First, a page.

We may find out our teenage son is on drugs. Pictures flood out minds -- times we could have spent through the years doing things together, sharing, building the relationship...but didn't because we were too busy earning a living, making the right connections, or simply reading the newspaper.

The company's downsizing and our job's on the line. Or our doctor tells us we have just a few months to live. Or our marriage is threatened by divorce. Some crisis brings us to an awareness that what we're doing with our time and what we feel is deeply important don't match.

Rebecca: Years ago, I was visiting with a young woman in the hospital who was only twenty-three years old and had two small children at home. She had just been told she had incurable cancer. As I held her hand and tried to think of something to say that might comfort her, she cried, "I would give anything just to go home and change a messy diaper!"

As I thought about her words and my experience with my own small children, I wondered how many times both of us had changed diapers out of a sense of duty, hurriedly, even frustrated by the seeming inconvenience in our busy lives, rather than cherishing precious moments of life and love we had no way of knowing would ever come again.


In the absence of such "wake-up calls," many of us never really confront the critical issues of life. Instead of looking for deep chronic causes, we look for quick-fix ... --Ce texte fait référence à l'édition Broché .

Revue de presse

'Covey has reached the apex with this publication. This is an important work. I can't think of anyone who wouldn't be helped by reading it' Larry King --Ce texte fait référence à l'édition Broché .

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Amazon.com: 4.4 étoiles sur 5  130 commentaires
82 internautes sur 82 ont trouvé ce commentaire utile 
4.0 étoiles sur 5 A Worthwhile Read even for time management junkies 10 octobre 2006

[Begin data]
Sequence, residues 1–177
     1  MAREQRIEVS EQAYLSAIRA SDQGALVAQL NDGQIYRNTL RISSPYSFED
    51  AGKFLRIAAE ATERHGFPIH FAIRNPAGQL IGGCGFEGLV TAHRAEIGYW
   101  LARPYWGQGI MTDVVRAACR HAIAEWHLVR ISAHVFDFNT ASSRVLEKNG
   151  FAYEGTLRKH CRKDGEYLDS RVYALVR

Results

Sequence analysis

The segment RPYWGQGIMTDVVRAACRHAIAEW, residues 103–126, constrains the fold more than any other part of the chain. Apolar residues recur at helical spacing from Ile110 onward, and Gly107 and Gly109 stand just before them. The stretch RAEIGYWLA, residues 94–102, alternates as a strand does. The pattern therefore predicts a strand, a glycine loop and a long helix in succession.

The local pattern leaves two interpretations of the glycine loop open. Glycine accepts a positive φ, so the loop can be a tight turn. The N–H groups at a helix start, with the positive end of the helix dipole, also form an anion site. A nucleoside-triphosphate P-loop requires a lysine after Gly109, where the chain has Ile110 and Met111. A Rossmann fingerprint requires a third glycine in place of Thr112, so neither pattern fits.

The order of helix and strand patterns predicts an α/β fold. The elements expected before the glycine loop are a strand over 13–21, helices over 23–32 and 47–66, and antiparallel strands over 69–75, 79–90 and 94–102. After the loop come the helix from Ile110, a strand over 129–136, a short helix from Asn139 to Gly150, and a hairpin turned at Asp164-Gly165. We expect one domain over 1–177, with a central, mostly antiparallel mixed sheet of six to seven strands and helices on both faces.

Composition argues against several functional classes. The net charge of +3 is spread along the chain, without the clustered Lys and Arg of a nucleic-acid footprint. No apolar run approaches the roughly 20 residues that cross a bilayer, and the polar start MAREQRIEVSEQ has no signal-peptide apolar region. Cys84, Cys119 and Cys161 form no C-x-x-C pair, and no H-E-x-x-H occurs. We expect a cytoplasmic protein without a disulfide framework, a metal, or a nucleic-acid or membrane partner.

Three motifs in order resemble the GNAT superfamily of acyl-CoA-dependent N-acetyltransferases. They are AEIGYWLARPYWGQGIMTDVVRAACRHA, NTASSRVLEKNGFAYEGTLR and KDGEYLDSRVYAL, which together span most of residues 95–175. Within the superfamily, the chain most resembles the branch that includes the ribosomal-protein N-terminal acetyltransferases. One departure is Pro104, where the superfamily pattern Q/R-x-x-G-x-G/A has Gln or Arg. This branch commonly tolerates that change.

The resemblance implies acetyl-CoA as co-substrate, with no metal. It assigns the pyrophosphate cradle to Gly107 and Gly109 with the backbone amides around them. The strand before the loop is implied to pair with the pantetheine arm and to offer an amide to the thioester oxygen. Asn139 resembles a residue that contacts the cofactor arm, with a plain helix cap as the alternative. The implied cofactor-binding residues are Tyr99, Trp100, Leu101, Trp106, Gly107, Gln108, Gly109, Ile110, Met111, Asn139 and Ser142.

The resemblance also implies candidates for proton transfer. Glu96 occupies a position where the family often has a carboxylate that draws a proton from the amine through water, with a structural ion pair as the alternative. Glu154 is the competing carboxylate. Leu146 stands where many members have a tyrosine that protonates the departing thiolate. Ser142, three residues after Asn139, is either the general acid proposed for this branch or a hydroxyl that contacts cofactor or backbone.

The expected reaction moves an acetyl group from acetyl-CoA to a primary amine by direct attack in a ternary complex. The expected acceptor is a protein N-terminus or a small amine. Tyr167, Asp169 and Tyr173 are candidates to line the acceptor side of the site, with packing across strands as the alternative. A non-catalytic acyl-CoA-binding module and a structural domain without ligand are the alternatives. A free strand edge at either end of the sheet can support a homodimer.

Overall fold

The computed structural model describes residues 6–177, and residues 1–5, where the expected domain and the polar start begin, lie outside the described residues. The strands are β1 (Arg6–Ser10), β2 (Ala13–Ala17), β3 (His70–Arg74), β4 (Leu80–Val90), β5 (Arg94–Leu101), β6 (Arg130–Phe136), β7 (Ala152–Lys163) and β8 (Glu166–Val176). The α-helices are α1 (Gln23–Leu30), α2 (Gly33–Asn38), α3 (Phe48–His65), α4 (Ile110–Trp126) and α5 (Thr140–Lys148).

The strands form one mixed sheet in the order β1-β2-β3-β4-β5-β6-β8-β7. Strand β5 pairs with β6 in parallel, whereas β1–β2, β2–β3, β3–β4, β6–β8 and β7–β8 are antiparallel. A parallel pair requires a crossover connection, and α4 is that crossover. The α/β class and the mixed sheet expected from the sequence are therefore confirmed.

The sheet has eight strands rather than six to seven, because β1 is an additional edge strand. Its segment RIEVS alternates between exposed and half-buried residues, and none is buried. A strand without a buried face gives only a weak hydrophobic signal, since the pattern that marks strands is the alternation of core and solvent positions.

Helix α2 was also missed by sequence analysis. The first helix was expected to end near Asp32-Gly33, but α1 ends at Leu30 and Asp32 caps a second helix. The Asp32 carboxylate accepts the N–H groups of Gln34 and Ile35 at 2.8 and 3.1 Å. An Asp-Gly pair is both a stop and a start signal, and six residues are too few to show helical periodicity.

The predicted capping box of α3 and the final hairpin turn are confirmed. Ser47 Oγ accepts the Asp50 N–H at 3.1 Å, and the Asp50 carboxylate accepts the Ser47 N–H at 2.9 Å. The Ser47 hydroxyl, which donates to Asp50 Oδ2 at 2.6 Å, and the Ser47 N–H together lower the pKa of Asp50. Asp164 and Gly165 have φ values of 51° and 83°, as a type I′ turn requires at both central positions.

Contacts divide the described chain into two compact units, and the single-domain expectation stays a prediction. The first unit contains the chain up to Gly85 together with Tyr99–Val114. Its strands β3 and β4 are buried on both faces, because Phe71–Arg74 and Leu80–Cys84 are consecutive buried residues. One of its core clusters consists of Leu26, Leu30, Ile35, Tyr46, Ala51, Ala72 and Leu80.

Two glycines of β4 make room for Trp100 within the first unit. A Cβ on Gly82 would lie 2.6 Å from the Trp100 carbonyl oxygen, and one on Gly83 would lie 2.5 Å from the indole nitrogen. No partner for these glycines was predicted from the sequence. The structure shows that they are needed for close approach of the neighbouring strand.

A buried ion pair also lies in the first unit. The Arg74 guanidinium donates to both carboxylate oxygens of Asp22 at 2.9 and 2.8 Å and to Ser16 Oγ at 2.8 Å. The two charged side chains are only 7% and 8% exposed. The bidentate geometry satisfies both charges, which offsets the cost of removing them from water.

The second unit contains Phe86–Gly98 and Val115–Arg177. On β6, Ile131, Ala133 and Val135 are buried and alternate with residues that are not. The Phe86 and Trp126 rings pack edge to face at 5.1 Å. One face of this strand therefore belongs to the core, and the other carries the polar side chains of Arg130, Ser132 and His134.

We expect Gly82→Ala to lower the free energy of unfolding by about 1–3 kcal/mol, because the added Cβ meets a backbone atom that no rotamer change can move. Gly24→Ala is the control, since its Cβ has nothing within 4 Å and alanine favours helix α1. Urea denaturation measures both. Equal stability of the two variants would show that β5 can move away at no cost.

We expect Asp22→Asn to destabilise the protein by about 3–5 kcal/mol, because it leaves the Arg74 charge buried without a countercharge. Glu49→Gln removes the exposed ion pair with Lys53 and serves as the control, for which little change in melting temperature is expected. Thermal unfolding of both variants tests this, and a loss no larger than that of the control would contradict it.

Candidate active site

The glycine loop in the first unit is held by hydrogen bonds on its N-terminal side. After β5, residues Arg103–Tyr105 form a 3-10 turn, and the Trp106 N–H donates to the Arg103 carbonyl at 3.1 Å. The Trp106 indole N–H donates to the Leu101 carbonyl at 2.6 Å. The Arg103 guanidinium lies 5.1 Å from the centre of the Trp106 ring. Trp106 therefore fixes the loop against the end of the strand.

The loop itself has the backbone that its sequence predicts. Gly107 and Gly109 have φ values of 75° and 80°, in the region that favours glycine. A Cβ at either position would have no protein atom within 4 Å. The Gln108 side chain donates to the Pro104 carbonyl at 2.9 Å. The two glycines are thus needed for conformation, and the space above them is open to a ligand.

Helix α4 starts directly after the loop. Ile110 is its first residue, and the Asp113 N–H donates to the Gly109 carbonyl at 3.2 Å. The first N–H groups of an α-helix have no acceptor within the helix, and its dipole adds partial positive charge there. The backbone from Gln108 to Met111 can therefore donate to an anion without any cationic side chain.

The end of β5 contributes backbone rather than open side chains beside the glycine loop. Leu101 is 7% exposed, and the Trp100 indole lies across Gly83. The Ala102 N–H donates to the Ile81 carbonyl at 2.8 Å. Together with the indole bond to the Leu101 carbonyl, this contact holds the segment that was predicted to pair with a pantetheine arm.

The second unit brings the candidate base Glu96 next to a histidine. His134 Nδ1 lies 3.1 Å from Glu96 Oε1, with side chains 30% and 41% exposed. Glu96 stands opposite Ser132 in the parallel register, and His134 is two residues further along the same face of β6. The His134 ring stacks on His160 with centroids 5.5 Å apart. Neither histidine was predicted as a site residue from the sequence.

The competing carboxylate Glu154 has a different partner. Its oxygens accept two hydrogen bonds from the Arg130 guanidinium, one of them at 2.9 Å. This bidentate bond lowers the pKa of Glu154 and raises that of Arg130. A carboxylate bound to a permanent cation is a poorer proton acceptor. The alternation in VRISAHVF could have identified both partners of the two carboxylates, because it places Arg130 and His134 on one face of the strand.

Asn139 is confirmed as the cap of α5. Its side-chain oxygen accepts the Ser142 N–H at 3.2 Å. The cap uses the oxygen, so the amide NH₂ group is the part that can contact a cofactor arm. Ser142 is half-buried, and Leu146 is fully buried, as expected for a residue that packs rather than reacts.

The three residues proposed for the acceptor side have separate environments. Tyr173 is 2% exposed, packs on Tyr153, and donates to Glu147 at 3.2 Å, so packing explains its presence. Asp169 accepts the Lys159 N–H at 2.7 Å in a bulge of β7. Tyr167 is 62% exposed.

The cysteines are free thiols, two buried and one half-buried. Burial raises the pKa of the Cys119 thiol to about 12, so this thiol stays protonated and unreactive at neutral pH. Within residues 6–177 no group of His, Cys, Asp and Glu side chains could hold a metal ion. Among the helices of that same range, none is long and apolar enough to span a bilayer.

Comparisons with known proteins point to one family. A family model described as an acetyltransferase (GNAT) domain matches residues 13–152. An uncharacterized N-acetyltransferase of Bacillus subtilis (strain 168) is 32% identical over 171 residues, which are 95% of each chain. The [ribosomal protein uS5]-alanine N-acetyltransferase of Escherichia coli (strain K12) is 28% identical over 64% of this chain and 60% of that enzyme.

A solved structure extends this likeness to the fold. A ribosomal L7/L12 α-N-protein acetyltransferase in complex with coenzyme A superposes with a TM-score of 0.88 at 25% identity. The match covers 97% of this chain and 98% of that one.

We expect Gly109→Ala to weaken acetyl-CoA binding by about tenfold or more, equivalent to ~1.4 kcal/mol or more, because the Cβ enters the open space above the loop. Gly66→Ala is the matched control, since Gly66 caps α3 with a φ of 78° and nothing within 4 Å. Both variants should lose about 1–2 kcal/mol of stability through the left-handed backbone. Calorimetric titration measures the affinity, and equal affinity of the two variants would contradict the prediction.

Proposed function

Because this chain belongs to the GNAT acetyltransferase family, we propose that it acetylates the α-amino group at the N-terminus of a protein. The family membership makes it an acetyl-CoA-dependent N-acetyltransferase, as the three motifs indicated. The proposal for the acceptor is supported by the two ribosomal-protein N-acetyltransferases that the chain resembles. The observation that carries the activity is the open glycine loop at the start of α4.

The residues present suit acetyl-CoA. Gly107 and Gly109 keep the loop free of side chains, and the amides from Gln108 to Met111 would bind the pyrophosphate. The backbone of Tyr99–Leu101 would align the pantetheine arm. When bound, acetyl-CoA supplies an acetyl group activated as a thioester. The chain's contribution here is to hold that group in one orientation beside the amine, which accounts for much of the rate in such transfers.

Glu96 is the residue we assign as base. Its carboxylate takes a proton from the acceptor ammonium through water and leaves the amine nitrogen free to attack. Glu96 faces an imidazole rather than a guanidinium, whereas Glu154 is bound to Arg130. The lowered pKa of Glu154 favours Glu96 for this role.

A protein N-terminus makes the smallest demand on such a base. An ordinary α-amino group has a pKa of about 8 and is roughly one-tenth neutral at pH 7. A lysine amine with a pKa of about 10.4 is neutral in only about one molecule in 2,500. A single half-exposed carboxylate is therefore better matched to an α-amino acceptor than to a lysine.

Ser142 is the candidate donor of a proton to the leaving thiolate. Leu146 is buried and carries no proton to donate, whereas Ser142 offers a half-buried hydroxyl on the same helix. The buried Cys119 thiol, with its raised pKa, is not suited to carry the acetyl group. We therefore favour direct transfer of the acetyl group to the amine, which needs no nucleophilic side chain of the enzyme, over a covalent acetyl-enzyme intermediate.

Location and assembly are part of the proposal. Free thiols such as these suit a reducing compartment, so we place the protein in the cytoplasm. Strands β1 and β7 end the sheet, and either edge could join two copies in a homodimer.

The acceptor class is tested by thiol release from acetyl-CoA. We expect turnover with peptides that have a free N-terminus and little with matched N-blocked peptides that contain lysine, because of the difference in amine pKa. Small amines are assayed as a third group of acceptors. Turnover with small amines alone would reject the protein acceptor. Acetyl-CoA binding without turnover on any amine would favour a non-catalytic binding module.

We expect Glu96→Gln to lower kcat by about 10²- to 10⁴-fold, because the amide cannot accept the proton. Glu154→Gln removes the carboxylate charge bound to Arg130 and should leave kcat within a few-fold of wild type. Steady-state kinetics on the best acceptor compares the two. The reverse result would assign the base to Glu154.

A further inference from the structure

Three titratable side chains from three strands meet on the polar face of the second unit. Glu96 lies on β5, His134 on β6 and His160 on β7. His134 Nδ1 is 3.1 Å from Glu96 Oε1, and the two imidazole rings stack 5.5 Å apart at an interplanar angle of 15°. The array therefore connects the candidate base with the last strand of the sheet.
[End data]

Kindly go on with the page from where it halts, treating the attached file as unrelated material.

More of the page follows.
Par Lisa Shea - Publié sur Amazon.com
Format:Broché
The Stephen R. Covey engine has kicked out numerous books on self-help, and they consult 200 out of the top 500 Fortune companies. After all of those books and years, they have heard enough stories and waded through enough crisis situations to get a good handle on what works and does not work in all of those environments.

Now, if you've read every book they're written, then undoubtedly you're going to begin this book and say "I've read this all before". Naturally, when they begin a book, they have to assume that some readers haven't read the other books yet. They have to catch them up on the background and basics. If you don't need that primer, then skim for a while. It's not a bad thing, it's a normal thing. It's how book writing works :) If you pick up book 5 of Harry Potter, you still have to go through a little bit of scene setting for the .00002% of the population who skipped the other books and lept into Book 5.

So now, onto the key points of this specific book. Time management is good. Organizing your goals is good. But all of these things are only good if your goals are actually valid ones. If you spend all your time creating to-do lists, and carefully plotting out weekly goals ... but your goal is to get a "bigger fur coat" while your children are starving and you're miserable at work, something is out of sync. This book is all about making sure that what you do is what you REALLY want to do. It's about a higher level of time management.